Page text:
In June of 2016, 44,600 solar panels came to life near Lexington—marking the first utility-scale clean energy project in the state of Kentucky.
Three months later, with a thunderclap and a cloud of dust, a 34-story tower at Kentucky’s Big Sandy coal-fired power plant came crashing down. The massive Big Sandy plant burned 90 railcars of coal a day, and emitted more than 5.6 million tons of carbon dioxide a year.
Meanwhile, in Philadelphia, Earthjustice managing attorney Shannon Fisk glanced at a piece of hate mail among the coal case research strewn across his desk and smiled at a job well done.
He’s proud of his work to replace coal power with renewables, especially in states like Kentucky where, until recently, coal was king. Historically, more than 90 percent of Kentucky’s electricity has come from coal.
Kentucky has extracted more than 13 billion tons of coal since it was first mined there in 1790. The state’s coal helped power two world wars, and “black diamonds” are still embedded deep in the local culture. But now, as the economics of energy shift, Kentucky and other coal-producing states are tiptoeing toward cleaner, cheaper alternatives for electricity like wind and solar.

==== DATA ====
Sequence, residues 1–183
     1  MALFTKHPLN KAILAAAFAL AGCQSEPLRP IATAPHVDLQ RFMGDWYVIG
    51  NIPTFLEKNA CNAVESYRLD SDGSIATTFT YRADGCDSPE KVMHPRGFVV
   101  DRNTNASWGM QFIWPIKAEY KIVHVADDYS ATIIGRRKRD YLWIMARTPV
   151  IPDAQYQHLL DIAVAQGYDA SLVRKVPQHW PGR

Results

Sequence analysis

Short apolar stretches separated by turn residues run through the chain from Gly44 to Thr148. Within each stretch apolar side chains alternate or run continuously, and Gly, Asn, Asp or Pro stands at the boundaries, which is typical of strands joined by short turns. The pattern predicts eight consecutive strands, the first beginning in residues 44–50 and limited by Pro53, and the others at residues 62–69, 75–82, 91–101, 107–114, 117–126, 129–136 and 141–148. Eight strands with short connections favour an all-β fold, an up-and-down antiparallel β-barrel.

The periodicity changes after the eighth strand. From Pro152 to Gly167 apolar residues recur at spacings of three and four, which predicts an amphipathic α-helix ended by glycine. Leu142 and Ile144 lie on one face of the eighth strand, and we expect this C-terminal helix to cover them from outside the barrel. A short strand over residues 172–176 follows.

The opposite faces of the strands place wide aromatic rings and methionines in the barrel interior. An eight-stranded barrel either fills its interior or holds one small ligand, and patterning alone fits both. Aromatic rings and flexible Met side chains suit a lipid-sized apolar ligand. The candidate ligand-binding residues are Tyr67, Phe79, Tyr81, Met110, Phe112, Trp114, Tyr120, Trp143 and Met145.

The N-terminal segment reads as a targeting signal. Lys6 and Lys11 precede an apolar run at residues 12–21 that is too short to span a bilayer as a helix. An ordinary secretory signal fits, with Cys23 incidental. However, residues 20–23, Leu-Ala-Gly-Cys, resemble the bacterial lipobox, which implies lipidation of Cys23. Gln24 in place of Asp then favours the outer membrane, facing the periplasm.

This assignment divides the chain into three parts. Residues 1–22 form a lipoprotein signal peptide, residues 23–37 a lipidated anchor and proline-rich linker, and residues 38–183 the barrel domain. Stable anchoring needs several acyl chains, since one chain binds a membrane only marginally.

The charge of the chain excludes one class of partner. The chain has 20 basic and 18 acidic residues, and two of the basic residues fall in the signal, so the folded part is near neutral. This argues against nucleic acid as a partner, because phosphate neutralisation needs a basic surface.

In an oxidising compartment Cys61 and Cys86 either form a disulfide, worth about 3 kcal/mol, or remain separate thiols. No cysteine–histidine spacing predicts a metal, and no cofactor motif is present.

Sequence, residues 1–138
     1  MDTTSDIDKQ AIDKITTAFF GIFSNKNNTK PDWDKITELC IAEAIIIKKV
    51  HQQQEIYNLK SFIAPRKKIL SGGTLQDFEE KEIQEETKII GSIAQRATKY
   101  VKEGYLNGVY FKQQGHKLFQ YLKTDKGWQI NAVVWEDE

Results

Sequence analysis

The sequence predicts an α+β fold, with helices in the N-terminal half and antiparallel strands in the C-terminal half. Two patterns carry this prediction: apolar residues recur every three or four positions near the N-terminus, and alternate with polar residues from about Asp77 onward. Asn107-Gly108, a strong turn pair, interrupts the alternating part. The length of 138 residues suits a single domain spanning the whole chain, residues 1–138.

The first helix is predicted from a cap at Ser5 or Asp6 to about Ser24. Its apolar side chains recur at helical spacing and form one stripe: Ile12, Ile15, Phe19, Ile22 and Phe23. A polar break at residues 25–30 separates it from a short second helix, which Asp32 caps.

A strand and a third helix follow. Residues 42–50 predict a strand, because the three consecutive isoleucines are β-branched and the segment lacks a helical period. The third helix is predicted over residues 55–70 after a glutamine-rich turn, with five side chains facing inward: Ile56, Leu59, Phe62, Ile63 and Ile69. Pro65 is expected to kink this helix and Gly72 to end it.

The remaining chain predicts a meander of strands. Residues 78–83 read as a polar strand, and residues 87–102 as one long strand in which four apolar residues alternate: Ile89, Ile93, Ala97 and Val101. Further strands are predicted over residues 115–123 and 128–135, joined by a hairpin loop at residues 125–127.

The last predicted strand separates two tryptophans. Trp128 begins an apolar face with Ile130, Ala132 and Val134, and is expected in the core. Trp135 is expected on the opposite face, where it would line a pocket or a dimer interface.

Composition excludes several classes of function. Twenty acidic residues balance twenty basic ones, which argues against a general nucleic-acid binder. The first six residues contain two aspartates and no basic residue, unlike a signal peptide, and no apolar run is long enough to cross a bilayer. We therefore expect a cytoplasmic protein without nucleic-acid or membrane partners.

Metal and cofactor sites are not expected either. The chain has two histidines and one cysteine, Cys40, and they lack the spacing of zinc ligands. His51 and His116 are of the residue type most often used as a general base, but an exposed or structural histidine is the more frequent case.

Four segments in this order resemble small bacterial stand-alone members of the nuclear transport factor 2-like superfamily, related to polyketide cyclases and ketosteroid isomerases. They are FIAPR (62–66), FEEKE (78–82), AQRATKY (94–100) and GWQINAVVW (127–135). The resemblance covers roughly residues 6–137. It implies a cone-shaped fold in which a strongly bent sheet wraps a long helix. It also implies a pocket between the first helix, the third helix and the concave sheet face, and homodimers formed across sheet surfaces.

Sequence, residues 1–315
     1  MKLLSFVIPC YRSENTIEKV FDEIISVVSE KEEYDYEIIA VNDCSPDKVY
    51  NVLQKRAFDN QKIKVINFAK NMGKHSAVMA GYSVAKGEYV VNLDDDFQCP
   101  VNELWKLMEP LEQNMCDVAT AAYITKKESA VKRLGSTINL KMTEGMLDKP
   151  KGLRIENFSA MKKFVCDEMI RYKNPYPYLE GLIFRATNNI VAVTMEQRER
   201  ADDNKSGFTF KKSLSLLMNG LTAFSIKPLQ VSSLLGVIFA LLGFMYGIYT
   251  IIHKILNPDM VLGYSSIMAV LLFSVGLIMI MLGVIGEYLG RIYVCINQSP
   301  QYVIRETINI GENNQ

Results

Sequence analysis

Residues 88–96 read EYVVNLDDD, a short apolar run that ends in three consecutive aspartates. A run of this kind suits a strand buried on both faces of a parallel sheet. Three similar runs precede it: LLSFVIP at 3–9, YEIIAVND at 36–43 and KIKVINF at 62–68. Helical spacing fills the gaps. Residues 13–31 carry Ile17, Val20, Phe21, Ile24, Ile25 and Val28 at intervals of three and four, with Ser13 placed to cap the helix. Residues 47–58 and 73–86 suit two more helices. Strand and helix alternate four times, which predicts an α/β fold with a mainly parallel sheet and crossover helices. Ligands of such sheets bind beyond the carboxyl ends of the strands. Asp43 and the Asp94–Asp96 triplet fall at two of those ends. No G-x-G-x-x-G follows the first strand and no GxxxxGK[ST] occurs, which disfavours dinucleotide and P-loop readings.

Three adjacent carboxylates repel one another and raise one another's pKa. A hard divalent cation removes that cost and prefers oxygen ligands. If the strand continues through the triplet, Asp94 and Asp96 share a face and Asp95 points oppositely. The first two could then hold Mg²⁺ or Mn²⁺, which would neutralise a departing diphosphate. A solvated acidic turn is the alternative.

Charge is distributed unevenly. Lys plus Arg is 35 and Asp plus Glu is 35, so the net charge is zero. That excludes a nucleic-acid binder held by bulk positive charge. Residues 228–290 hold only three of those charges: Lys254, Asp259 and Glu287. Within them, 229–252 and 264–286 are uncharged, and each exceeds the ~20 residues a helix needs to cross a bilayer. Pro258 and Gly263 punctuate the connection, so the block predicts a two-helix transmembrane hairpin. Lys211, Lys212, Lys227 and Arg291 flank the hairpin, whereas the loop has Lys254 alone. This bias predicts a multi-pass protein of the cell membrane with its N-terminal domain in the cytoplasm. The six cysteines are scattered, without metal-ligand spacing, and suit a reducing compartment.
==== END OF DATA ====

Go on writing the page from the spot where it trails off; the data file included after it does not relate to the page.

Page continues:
In 2014, when the Louisville Gas and Electric utility came to the commission with plans to build a 50-acre, 10 MW solar farm at the E.W. Brown Generating Station 50 miles outside of Lexington, Earthjustice stepped in on the utility’s side. Earthjustice argued that investing in solar was cost-effective for customers and a way for Louisville Gas and Electric to try adding intermittent power sources, such as wind and solar, to the grid.
When the commission agreed to the solar farm in December 2014, it set a precedent—the commission had never before approved a renewable energy project. The solar farm is now the largest in Kentucky, but other, smaller installations are in the works.
Photo courtesy of E. W. Brown Generating Station.